I talk about using my slow cooker. I probably use it three times every week. I've always got a soup made from leftovers and in the fridge, and meals that involve dried beans / peas / lentils or chunks of Quorn cook brilliantly this way.

You can dress these slow-cooked casserole meals up with a posh name:

 Mediterranean casserole (passata, herbs, olives and garlic)

Stroganoff (peppers, mushrooms and yogurt)

Mexican (tomato puree and spices)

Cassoulet (lots of garlic and herbs)

6. Cut out / down your use of meat.

One of the biggest price increases is on meat.  If you are a meat eater, buy less or eat less. You can buy reduced price or cheaper cuts of meat.  We rarely eat meat now - in fact, due to health reasons I have stopped all meat and dairy. However, this can work out more expensive if you just buy a veggy/vegan version of the meaty item anyway. Instead plan different meals.

7. Make your own

Well worth looking into is can you make your own rather than a ready made.

E.g. burgers are easy and can be made from whatever you have. 

If you like pasties then make your own pastry. You can buy a bag of flour and a tub of marg for the price of a ready roll of pastry: but you can make 4 times as much!

Chips are so easy to make that it astounds me when I see ready-peeled and cut frozen ones!

I spoke to a youngster recently who had been to McDonalds for the first time ever. I asked her what she thought of it, and she said her dad's chicken nuggets were better, and that she didn't like the leftover packaging.  I hope there are many more kids - and adults - who jump on the same bandwagon.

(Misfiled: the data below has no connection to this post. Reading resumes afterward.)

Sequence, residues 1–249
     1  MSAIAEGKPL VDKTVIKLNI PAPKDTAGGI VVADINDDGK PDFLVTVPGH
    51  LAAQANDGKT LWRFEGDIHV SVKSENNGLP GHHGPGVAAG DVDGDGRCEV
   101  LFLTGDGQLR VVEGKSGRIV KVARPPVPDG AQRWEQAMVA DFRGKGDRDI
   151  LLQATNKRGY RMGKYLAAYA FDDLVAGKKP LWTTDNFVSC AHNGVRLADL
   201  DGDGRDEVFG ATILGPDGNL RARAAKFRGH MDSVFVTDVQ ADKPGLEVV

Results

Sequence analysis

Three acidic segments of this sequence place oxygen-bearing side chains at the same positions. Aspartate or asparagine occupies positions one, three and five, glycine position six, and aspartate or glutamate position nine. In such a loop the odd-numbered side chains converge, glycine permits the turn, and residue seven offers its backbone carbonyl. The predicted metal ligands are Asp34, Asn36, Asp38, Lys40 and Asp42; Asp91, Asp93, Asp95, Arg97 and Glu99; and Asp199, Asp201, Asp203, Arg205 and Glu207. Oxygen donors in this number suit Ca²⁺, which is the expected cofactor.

8. Use leftovers

Make leftovers into another meal. Freeze them. Make soup from them. If there are four of you, plate up five meals. There is food then for nibbling on, for teenagers, for supper. Once you get into the habit of doing this, it's easy.  

9. Reduced price grub.

Our local shop has a tray near the till for reduced price bread and cakes. This food is at the 'best before' date. We will often pick up a couple of loaves of bread then put them in the freezer once we get in.

A loaf of bread can be as little as 20p! We worth buying at that price.  Toast is a good 'fill-up' snack for a teenager. 

10. Where does your shopping cash go?

Ask for the receipt when you food shop.  Look through these at the end of the month and see exactly what you spend money on. Is this something you can save on? Did you need it? Was it eaten, or did some get wasted? Can you buy a cheaper version? 

Use this analysis of your receipts when you plan the food shopping for next month. 

11. Eat cheaper.

What are the cheapest foods you can buy that go a long way? Think about dried lentils, rice, tinned spaghetti in sauce, paste in jars, cheese, onions, carrots, potatoes, pasta, frozen veg.

You don't have to ear at restaurant standard every day. 

Something on toast once or twice a week won't kill you, and it can help save money.

Do you have any ideas to add to this?